Abstract - Cathrynne Henshall
Brain train your horse - applying neuroscience to improve horse training and welfare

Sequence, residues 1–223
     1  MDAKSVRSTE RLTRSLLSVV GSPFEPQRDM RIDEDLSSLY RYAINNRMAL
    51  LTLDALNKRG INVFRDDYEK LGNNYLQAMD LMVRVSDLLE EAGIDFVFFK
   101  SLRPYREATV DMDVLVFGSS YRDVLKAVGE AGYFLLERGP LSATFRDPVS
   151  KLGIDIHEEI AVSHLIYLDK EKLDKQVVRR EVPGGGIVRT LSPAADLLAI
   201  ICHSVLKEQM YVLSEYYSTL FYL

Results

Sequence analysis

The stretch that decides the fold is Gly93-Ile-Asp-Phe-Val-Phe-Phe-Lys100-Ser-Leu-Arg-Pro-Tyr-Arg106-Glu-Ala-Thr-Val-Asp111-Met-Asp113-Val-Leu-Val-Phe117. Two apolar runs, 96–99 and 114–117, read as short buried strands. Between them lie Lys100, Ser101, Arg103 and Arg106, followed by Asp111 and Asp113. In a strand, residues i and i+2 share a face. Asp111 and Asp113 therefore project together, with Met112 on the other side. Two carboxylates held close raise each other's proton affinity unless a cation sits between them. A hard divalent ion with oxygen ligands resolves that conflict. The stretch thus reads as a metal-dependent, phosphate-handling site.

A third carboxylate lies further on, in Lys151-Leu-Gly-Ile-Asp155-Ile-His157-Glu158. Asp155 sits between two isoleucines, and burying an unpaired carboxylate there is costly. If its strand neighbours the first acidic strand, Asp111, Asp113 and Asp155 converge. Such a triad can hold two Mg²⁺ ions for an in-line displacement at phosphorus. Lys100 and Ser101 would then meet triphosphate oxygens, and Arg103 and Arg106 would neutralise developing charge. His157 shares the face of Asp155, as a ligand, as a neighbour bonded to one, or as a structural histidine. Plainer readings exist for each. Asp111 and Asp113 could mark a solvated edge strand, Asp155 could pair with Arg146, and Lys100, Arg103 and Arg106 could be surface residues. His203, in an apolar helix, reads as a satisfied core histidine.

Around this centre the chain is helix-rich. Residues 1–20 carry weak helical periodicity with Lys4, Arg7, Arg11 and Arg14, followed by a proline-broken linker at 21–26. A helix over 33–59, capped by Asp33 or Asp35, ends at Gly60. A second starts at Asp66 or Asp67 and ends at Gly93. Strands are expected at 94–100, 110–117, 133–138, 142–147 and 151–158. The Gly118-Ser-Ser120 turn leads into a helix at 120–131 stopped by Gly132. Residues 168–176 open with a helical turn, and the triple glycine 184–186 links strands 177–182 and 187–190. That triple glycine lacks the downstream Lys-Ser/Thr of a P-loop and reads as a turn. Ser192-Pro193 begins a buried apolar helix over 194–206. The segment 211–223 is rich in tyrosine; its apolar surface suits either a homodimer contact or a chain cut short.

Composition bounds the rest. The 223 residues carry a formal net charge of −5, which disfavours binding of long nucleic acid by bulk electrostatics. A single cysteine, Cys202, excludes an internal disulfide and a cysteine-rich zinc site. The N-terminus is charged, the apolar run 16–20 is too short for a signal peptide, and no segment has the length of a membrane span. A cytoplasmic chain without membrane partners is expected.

Research in cognitive and affective neuroscience has transformed our understanding of learning and emotion in animals and humans. The application of this knowledge to horse training could deliver many benefits to horses and their owners, as equine emotions and learning abilities rely on similar neural processes as other species. There are few available techniques to directly probe equine brain function, so the translation of these findings to horses is necessarily inferential; however, validated methodologies bridging this gap in human research can be applied to horses. Areas within neuroscience research with particular relevance for horse training and management include: how the brain processes the kinds of aversive stimuli commonly used in horse training; the effects of stress neurophysiology on learning; the interactions between new learning versus habit learning - an issue for retraining unwanted behaviour; and the prediction error concept - a dopamine influenced neural “teaching signal” that assists animals to make decisions that deliver the best outcomes for them. In human-horse interactions, behaviour provides the interface between neural activity and horses’ responses to training and environmental stimuli. Providing owners with a greater understanding, even at a simplified level, of the putative neural processes underpinning behaviour could assist them to improve their practices. For example, a knowledge of the workings of the habit and flexible learning neural networks and prediction errors could assist trainers to identify why horses may fail to learn a new habit or why they persist with unwanted behaviour despite extensive retraining. Alternatively, a knowledge of the effects of stress physiology could assist trainers to modify their practices to manage stress and enhance learning. The addition of neuroscience to inform horse training and management techniques could provide a mechanism to develop truly horse-centred training approaches that could improve welfare outcomes for horses and enhance human safety.